An expression of mock seriousness spread across the face that was so near to hers. "You couldn't have put your heart into it. We'll simply have to keep trying until you get it right."
There was a rueful shake of her dark brown head at the sheer hopelessness of arguing with this cocky cowboy. Patty King had known him too long to be taken in by his considerable charm. Not another word of protest was offered as his mouth covered hers in a light but lingering kiss.
"Much better," he grinned, and swung away from her onto the ground.
"If all that mushy stuff is over," a growling voice said from the arena gate, "we'll get this rodeo started."
A faint pink of embarrassment flowed into her cheeks as Patty glanced at the older, battered-looking cowboy at the gates, his left arm in a plaster cast.
"I'm ready, Lefty," she said.
Grumbling silently, he nodded his acknowledgment. But her brown eyes had slid past him, caught by a pair of metallic blue. Self-consciously Patty stiffened with resentment at the mocking steel gaze. It belonged to the big, burly man just mounting the top rail of the arena fence.
Tall with powerful shoulders, there was not an ounce of spare flesh on his deceptively lean frame. Curling jet black hair was visible under his hat brim. Every feature cried out with the aggressive thrust of his masculinity. Beneath thick black brows, sooty lashes outlined the brilliant blue eyes. As Patty met their gaze, she glared her dislike of their owner, Morgan Kincaid.
The arena gate was swung open and the rodeo announcer was proclaiming the start of the rodeo. The Grand Entry parade was concluded with the presentation of colors and the playing of the National Anthem.
When the rest of the horses and riders in the Grand Entry left the arena, Patty followed, pulling her black horse to a stop just inside the gate. Irritation smoldered near the surface at the sight of Morgan Kincaid swinging down from the fence rail and walking toward the chutes.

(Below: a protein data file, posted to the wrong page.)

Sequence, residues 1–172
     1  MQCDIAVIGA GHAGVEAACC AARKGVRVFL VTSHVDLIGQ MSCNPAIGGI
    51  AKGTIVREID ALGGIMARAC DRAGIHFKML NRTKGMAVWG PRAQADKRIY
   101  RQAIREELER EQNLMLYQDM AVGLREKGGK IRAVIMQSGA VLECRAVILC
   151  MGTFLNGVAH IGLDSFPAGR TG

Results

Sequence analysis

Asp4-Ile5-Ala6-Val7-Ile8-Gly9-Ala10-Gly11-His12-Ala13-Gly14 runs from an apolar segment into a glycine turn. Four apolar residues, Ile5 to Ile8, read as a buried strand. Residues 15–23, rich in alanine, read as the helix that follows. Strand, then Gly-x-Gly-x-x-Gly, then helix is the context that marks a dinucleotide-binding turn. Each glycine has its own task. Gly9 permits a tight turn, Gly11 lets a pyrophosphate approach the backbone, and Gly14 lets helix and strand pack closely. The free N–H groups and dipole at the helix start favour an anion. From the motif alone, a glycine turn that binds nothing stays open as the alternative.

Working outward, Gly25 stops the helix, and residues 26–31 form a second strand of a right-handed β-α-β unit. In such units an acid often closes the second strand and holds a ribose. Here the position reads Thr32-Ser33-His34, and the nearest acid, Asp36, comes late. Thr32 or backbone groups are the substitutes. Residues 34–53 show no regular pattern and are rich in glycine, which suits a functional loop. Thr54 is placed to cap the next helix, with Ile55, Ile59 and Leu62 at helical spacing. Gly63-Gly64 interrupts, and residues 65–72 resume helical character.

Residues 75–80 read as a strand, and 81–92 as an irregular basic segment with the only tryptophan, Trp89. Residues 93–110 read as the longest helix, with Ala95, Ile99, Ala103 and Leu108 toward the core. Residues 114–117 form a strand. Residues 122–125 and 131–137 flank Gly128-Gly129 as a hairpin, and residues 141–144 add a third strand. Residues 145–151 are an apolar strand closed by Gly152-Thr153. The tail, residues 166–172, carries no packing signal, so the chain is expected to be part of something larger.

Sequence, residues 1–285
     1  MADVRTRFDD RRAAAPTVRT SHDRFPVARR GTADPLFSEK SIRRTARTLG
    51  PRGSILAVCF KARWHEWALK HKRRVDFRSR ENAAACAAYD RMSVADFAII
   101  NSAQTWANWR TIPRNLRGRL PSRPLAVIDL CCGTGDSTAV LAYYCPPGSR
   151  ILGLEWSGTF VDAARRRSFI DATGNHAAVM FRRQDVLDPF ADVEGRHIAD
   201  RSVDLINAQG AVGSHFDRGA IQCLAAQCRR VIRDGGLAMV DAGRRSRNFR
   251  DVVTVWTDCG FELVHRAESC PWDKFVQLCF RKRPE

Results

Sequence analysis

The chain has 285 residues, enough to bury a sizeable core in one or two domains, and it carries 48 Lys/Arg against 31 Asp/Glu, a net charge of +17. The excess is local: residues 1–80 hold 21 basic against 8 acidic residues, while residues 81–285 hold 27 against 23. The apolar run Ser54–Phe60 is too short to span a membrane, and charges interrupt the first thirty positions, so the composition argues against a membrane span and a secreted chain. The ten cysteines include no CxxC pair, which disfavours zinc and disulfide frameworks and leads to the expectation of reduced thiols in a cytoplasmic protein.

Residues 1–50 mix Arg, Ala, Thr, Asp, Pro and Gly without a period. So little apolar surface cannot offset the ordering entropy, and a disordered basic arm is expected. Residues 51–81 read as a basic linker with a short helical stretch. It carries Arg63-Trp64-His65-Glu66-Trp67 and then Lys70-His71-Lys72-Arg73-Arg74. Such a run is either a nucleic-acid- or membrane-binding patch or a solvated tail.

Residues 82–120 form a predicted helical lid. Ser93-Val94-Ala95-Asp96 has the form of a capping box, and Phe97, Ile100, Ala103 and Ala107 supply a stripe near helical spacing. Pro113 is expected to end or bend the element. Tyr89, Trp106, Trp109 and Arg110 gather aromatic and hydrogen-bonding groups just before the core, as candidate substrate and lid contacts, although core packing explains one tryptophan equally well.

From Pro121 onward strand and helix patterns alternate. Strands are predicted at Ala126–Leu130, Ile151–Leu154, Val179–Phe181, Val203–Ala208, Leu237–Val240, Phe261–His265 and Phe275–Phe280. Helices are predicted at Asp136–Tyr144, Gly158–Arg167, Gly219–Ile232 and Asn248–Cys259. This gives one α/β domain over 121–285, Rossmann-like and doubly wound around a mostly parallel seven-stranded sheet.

He was the antithesis of what she liked in a man. He had none of the quiet courtesy that she admired. His very presence was abrasive, setting her teeth on edge as effectively as the whine of a dentist's drill. He was aggressively male with none of the rough edges smoothed to be handsome. Party's concentration was so intent on the wide powerful shoulders that she nearly missed her cue from the rodeo announcer.
"Our special attraction for this evening, ladies and gentlemen, is Miss Patricia King," he announced, "a native of New Mexico, a truly fine trick rider and Roman rider. Patty, give them an example of what they'll see later on this evening."
Reining the black horse in a full circle to the right, its signal for the flat-out run, Patty took him into the arena. She went once around in a hippodrome stand, falling away on the second circle to a side drag that left the crowd gasping before they broke into applause.
There was no opportunity to stay and watch the first rodeo event, which was saddle bronc riding. Patty had to return to the stable area to help her grandfather harness the six white horses she used for the Roman ride. By the time the black leather trappings were on each horse and Patty had changed into a black outfit with white roses, she was due in the arena for her performance. With her grandfather Everett King walking at the head of Liberty, the left horse in the front pair, Patty sat bareback astride Loyalty, the right horse of the last pair.
The arena lights caught the sparkles dusted over the hindquarters of the six white horses as they pranced into the arena to the tune of "She'll Be Comin' Round the Mountain." Patty's stomach was twisted in knots of nervous excitement. Rising to stand on the rosined back of Loyalty, she clucked comfortingly to the horses, taking an extra wrap on the six black reins, three in each hand. Oblivious to the announcer's words, she shifted her left foot to Landmark's back, easing the horses into a slow canter while she adjusted herself to the rhythm.
Two circles of the arena eased her attack of jitters. While Patty guided the three pairs of horses into a series of figure eights that required a flying change of lead, her grandfather supervised the setting of the hurdles. There was one jump on one side of the arena and a double jump on the opposite side.
Deftly checking Landmark's habit of rushing the jump, the horses cleared the barrier with faultless precision, one pair following the other and with Patty balancing a foot on each back of the last two horses. The double jump was trickier on the opposite side of the arena. As the last pair of horses was landing from the first obstacle, the first pair was taking the second.